which derives its name from “pampang” or “pampangan” (river bank), is a rich and fertile valley in
Central Luzon. On the western and northwestern side rise the foothills of the Zambales range. To the west, covering
almost one-fifth of the land, grow the thick nipa groves of the Candaba swamps.
The French historian, J, Mallat,
in his Les Philippines, (Paris, 1846) aptly called this land of Pampanga “ plus ballet et plus riche de Philippines”
(the most beautiful and the richest in the Philippines). Except for the majestic Mount Arayat, the land is one fertile
plain. Its soul has made it one of the principal sugar and rice producers in the country.
Plains and Valleys
attract civilized settlers, and colonizers are no exception. The Spaniards, who came to the Philippines in 1521 no doubt,
made a survey of this land, which is accessible, both by land and by sea. Access from the sea is the navigable delta
which one enters from Manila, an older settlement, through southern Pampanga. Until before the war steamboats plied
this channel up to the Guagua pier just a short distance from the town plaza.
In the days of the conquista, Pampanga
had a much wider land area that id does now. Soon after Martin de Goiti subdued the Pampanga revolt of 1571 Pampanga
became province. It included parts of Nueva Ecija., and Bataan, specifically Dinalupihan, Hermosa, Orani, Samal, Balanga,
Abucay, Pilar, and Orion. Through the years the province was reduced from time to time. Up to now Pampango is
spoken as far as west as Dinalupihan, Bataan and south in Calumpit and San Miguel de Mayumo in Bulacan.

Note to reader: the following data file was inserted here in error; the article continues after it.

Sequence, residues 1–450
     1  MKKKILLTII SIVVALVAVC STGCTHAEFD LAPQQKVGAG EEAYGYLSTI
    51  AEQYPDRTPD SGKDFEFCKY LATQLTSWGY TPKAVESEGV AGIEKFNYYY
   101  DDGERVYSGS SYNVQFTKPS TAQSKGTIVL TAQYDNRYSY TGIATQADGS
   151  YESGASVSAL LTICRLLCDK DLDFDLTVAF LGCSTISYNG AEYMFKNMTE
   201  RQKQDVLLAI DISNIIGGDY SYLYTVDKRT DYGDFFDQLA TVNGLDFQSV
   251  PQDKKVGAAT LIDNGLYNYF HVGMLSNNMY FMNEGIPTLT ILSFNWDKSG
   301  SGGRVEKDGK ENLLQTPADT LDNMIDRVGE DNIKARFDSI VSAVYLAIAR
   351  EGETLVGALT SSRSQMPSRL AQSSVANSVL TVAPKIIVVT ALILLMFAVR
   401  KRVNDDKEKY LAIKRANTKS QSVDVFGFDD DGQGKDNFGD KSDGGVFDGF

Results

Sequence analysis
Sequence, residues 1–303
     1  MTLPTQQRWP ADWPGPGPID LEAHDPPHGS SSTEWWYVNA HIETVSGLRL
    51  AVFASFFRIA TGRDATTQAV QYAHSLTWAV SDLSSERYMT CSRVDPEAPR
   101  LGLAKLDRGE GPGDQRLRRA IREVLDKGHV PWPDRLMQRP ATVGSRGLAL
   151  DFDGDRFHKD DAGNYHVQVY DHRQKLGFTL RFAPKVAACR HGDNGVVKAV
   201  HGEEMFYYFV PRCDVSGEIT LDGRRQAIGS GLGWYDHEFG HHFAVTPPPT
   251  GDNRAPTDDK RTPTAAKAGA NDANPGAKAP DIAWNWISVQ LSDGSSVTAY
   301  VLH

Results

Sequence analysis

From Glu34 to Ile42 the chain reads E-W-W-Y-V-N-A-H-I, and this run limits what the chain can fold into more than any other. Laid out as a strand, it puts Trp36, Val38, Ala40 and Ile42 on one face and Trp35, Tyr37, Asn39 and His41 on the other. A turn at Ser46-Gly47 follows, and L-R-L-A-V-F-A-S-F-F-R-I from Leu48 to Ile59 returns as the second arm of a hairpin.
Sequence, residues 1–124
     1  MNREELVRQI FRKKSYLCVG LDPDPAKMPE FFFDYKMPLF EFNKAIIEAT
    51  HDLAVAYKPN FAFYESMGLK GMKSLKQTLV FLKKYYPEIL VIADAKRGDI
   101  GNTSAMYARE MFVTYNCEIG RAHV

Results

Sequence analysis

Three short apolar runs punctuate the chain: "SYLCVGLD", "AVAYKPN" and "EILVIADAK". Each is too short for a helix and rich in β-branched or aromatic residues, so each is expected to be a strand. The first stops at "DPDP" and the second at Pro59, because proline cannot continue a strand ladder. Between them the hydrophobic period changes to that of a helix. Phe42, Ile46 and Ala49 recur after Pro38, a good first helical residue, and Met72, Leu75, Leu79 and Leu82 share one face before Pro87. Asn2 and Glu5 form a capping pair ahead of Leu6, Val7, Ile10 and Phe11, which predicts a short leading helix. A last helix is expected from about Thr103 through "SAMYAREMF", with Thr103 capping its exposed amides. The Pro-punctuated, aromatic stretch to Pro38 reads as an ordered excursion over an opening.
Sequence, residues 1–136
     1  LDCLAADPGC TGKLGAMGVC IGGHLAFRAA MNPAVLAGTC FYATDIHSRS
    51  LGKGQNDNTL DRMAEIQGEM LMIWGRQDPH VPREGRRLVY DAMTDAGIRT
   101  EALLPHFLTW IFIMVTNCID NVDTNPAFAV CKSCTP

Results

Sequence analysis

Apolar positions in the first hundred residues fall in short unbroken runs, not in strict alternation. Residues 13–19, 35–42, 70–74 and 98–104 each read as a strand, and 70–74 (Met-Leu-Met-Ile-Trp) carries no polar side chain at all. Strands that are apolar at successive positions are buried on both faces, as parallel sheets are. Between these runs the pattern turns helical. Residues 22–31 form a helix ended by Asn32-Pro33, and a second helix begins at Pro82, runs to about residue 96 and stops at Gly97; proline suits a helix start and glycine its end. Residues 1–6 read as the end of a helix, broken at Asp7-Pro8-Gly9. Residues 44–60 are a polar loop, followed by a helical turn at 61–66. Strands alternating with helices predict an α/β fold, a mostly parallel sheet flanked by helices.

been so rich that even careless farming has not impaired its
productiveness. For decades it was land of landed
aristocrats, wealthy families whose main income derive from rice and sugar plantations. Here the Spaniards made inroads
as priest and soldier. They opened the province almost simultaneously as the did in Manila, making friends with the
and the middle class, and erecting convents, parochial schools, and churches. By 1600 Pampanga could
boast have 15 convents and one royal college administered by the Jesuits.
H. Otley Beyer, in his collections-Philippine
Folklore, Customs and Beliefs” traced the origin of the Pampango stock and dialect, dating as far back as 300 to 200
B.C., to Malayan ancestors in relation to the Madjapahit Empire. Mariano Henson quotes Father Francisco Colin, S.J.,
who thought that the Pampangos came from Borneo and Sumatra. Dr. Luther Parker, an early American educator who lived
in Pampanga, had another version. According to Dr. Parker, the Islands were formerly inhabited by
by a king or ruler named Dulum. Then several datus who purchased the land were the ancestors of Malang-Balagtas who
established themselves in Pampanga. Malang-Balagtas was a Mohammedan who was converted to Christianity, and was recognized
by the Spaniards as one of the wealthiest and most influential men of the island.
Today the cultural ties of the Pampangos
with the Malays and Indonesians are much in evidence in such common words, as “nasi” (rice), numerals such as
isa, adua, atlu, (one, two, and three), minum (drink) and payung (umbrella), to mention only few. The Pampango word
tulak (to push) is torak in Malay. Babi is pig in both Pampango and Bahasa. .